How To Successfully Direct Child Actors
Working with kids is one of the great challenges for beginning film and TV directors. After all, W.C. Fields said, “Never work with children or animals.” They’re both unpredictable and take real focus and skill. So I asked my friend Rafael Barreiro, a director and producer who’s worked internationally, and now teaches at the university level to give us some basic advice for novice directors. Here’s his thoughts:
While studying to be a film director, numerous times I heard the same advice: “Never work with kids or animals.” The first short film I was hired to direct had six children and a dog. I’m glad to say no one was harmed in the making of the film. It was an experience I truly enjoyed and since then I have directed several films with children as lead actors. Here are some of the techniques I use, which prove to be extremely helpful when working with children on a film set:
1. Control the Pace – Novelty wears off. Don’t give the child a tour of the set and introduce him or her to everyone the moment he or she arrives. Use the child actor’s excitement of being on the set to your advantage. Increase permissions or privileges during the project, such as looking through the viewfinder in the camera or clapping the slate, as you need this excitement rekindled and energy rebooted.
2. Find a Good Youth Wrangler – Don’t skimp here. Hire the best you can afford, not your kids’ babysitter or a friend of the production who likes kids. The Youth Wrangler is worth his or her weight in gold, and needs to know production. With one eye, the YW (Youth Wrangler) keeps in tune with the flow of the production and the AD, and with the other eye, he or she keeps the child not only entertained but also rested and ready for when it is time to bring him or her on the set. Sometimes the YW helps with memorizing lines, but mainly knows how to time whatever the child is doing off set so he or she can smoothly transition to being on the set ready to play the role.
3. Director Communication is Critical – During scenes, no one addresses the actors except the director – especially when it comes to child actors. Talk to the crew ahead of time so they know what’s expected. Prevent the well-meaning crew members that try to make the child welcome on the set and begin with smiles but soon move to congratulating with high fives, making funny jokes, and becoming Mr. Rogers. Besides being distracting, this drains the child’s energy. Save this party spirit for the end of the day.
4. Don’t Forget the Games – Regardless of the age of the talent, spend a few dollars in novelty toys. The child will probably bring his or her phone or game console, but before he or she bakes his or her brain and burns his or her eyeballs with electronics, have the Youth Wrangler pull out a yo-yo, or a Rubik’s cube. Have the YW get a board game started that can easily be interrupted. Set a prize for whoever wins, or can finish a certain brain teaser.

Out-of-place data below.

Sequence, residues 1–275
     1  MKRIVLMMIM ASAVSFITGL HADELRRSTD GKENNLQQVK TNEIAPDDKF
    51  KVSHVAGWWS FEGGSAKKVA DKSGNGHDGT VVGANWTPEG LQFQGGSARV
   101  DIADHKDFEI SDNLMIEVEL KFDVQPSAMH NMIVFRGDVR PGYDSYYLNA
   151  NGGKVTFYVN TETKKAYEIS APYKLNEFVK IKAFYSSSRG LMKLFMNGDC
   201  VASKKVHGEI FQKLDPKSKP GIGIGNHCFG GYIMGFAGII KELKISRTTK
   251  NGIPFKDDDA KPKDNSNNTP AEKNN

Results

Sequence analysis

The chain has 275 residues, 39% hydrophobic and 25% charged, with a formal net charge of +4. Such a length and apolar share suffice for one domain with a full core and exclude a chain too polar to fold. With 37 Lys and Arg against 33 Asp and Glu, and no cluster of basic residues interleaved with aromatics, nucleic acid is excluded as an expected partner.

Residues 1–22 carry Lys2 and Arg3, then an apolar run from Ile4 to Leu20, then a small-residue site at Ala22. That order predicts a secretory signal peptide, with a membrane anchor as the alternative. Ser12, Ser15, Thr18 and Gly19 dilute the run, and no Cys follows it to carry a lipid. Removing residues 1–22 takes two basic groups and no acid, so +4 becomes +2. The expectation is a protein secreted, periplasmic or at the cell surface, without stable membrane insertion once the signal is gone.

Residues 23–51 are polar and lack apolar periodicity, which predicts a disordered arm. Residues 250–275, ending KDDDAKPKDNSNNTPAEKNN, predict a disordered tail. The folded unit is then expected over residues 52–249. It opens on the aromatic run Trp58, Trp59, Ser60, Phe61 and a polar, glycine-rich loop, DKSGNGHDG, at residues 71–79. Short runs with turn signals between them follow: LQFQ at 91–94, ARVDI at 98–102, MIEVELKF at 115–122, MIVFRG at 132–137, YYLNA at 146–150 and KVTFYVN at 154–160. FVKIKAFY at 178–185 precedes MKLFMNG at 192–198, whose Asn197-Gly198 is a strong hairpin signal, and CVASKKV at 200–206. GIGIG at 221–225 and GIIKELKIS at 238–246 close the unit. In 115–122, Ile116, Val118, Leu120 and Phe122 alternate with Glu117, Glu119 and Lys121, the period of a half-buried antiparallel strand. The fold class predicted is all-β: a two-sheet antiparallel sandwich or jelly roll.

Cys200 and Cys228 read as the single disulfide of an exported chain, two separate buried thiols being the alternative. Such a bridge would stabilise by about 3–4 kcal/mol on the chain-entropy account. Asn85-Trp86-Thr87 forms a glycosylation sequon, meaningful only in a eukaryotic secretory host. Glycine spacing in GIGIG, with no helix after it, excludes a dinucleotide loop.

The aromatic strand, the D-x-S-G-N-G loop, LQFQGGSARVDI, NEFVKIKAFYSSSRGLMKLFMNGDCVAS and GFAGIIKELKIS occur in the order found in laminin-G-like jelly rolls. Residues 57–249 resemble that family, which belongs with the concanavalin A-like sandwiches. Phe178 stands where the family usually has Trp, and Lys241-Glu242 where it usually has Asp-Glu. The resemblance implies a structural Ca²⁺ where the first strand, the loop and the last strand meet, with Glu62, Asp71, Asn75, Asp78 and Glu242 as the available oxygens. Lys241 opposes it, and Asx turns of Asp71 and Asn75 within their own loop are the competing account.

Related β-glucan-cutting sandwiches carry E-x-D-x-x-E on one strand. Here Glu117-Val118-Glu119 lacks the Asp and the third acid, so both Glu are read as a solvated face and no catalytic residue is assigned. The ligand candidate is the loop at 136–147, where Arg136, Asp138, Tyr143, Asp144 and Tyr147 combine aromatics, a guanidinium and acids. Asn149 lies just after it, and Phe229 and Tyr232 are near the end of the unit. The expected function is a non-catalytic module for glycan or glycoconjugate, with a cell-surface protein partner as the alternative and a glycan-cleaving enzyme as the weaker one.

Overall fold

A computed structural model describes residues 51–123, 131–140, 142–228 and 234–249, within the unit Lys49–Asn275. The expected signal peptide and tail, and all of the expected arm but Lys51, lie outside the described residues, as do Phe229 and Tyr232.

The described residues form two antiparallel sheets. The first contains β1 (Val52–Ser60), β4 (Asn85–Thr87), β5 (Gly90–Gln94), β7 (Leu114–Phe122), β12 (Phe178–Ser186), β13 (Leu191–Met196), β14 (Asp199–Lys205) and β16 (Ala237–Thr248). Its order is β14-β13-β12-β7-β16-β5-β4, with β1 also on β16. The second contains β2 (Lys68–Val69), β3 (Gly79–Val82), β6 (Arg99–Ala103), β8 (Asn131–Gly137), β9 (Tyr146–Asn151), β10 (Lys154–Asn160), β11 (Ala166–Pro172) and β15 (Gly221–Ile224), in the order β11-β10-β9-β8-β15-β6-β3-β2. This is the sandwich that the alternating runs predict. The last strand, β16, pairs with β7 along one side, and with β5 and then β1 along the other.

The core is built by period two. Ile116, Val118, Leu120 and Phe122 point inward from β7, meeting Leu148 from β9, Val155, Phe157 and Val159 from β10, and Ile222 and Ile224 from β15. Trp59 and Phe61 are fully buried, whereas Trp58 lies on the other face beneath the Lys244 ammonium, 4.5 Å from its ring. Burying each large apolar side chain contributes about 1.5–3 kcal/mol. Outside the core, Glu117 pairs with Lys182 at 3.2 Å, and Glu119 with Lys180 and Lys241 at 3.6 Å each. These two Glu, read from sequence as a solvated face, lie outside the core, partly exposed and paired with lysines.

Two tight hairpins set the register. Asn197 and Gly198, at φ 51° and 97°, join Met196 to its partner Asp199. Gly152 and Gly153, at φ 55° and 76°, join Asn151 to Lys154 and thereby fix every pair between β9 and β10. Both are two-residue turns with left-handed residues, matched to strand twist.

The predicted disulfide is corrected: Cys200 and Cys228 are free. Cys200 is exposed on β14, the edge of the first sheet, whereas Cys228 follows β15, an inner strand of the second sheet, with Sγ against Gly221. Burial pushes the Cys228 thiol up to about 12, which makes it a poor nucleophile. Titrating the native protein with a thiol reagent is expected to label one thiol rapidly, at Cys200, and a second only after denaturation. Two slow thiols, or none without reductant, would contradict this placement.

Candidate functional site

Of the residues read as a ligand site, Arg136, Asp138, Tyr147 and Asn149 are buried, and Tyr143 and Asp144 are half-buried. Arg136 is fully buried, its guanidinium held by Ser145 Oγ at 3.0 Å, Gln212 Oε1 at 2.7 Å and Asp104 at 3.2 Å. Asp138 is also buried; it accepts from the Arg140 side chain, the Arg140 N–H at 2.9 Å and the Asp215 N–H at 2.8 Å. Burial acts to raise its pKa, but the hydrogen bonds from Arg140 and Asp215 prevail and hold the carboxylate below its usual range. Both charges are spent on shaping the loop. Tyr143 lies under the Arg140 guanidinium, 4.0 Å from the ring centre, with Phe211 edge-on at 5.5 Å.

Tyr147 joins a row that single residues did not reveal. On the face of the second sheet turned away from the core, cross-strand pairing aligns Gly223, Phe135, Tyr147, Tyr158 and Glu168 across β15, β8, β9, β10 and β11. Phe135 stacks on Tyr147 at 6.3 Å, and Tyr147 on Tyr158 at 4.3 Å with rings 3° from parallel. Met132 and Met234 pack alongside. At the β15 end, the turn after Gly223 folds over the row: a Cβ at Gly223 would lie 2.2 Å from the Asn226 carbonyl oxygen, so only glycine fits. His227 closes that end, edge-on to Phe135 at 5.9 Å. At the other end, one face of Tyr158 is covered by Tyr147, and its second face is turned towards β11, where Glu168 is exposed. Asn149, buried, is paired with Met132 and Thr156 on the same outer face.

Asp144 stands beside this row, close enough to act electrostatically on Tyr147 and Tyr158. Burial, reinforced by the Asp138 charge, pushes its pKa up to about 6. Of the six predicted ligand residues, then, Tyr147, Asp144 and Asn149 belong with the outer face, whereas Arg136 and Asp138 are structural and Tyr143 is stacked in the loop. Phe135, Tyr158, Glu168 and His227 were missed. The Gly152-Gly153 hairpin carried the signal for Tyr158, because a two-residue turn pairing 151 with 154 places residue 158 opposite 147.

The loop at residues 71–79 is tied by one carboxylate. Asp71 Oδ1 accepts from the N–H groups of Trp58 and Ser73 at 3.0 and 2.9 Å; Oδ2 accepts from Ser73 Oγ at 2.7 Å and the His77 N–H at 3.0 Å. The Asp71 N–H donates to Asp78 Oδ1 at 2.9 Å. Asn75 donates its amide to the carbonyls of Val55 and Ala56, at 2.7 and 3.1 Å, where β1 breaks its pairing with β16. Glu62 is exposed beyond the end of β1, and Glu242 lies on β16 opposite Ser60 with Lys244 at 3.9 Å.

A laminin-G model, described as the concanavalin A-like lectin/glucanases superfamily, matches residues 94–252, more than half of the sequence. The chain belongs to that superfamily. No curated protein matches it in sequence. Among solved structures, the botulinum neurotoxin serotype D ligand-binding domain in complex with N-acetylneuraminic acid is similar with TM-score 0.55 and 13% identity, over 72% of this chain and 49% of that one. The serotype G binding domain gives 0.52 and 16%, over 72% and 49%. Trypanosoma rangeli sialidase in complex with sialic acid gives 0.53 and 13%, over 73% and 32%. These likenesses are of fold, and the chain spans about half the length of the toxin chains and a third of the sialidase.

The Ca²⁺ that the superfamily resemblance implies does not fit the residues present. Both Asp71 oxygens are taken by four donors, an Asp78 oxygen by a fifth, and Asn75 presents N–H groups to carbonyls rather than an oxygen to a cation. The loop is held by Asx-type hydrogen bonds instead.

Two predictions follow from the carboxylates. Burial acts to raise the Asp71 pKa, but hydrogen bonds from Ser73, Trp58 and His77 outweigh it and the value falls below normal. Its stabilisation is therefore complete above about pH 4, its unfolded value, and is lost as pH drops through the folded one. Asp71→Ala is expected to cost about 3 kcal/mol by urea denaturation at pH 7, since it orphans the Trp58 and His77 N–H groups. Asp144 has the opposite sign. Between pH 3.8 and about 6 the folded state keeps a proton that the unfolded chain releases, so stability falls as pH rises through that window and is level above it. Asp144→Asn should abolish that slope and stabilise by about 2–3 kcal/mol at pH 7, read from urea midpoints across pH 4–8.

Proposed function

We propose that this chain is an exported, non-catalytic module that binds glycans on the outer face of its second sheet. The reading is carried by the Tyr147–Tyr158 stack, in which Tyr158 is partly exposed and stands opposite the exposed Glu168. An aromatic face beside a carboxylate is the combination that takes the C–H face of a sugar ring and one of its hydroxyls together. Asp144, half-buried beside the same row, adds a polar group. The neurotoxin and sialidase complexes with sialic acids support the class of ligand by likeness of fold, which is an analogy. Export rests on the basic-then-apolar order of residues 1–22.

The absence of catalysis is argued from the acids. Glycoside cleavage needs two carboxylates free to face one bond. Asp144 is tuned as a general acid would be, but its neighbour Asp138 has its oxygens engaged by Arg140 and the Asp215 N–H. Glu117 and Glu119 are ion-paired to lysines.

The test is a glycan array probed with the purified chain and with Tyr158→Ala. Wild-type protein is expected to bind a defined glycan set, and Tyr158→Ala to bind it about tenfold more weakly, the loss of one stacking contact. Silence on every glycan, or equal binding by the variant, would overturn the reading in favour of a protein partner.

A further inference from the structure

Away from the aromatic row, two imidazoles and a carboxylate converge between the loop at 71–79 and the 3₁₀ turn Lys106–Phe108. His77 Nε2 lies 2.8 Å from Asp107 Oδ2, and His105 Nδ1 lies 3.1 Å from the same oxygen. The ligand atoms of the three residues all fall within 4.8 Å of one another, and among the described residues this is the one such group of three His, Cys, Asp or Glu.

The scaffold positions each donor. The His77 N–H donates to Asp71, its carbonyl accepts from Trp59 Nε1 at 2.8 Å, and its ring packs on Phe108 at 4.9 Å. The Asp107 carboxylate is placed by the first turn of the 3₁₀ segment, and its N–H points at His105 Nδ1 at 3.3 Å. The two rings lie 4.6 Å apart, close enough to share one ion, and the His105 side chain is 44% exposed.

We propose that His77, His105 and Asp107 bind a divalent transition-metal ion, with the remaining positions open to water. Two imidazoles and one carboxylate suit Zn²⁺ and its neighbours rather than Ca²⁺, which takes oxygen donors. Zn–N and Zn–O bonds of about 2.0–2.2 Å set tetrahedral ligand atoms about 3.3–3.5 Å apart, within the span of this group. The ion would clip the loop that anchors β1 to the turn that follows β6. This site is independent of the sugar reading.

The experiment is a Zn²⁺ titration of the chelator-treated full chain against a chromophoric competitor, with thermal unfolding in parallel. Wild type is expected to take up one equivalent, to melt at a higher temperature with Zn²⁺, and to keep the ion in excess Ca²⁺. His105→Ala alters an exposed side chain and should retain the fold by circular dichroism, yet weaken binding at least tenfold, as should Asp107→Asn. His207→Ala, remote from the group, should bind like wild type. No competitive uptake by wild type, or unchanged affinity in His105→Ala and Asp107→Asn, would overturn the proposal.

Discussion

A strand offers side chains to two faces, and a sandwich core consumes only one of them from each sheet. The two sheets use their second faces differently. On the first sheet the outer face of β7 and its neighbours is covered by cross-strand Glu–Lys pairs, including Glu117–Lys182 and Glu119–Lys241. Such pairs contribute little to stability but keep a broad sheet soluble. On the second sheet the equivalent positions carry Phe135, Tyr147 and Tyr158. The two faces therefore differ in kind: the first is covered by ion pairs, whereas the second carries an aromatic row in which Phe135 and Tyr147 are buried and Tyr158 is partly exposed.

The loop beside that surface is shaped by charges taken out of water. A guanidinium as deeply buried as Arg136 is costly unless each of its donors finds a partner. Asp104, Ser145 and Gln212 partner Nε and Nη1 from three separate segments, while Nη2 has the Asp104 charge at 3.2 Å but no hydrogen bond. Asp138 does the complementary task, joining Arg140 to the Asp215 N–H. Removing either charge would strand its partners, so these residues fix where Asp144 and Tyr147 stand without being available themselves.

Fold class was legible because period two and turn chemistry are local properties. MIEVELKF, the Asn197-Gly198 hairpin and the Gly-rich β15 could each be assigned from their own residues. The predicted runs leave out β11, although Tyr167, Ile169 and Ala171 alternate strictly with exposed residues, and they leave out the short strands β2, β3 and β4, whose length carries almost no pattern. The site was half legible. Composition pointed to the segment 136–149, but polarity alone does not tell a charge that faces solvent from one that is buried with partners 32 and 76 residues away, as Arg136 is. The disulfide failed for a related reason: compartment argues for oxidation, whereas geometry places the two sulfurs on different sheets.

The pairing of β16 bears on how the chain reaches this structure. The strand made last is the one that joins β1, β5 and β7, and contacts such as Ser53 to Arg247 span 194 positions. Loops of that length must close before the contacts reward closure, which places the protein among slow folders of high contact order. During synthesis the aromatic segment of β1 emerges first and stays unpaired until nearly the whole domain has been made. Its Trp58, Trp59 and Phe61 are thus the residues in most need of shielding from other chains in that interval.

5. Remember the Snack Table – Be aware of craft services! A trip to the snack table often becomes the favorite film set pastime for a child. It’s fun, delicious, and a time bomb. Who wants to deny the “child star” of his or her wishes? You do! If you plan ahead, the YW will manage these visits to prevent full access to all sugar with no restrictions.
Children are masters of role-playing. They are a delight to watch become their characters and play their roles. Only when they know their boundaries they can focus on professional work. So one more piece of advice: Don’t work at getting them to like you by being excessively nice and funny. Be a professional and treat them like one, in return, they will admire you and give you their best performance.
Rafael Barreiro is an assistant professor at Oral Roberts University and an international television producer. His experience directing children extends from teaching drama in public schools, to coaching child actors for feature films and directing short films. Contact Rafael at firstname.lastname@example.org
I love this article!! Having worked with children in film, vocal recording and live performance for the last 8 years I can say this advice is spot on. I only wish I had known more of this from the beginning, especially #3. While recording the Lifetime Scripture Songs and taping for my TreasureToons Animation series I have experienced the “well meaning” crew member or even onset parent who distracts or drains a child’s energy and focus away from the work at hand. From now on I will take the great advice to talk to the crew or anyone else involved ahead of time. Thanks Phil for providing this wisdom from Raphael about how to create the best experience on set for the precious kids we work with which results in the best outcome for the project!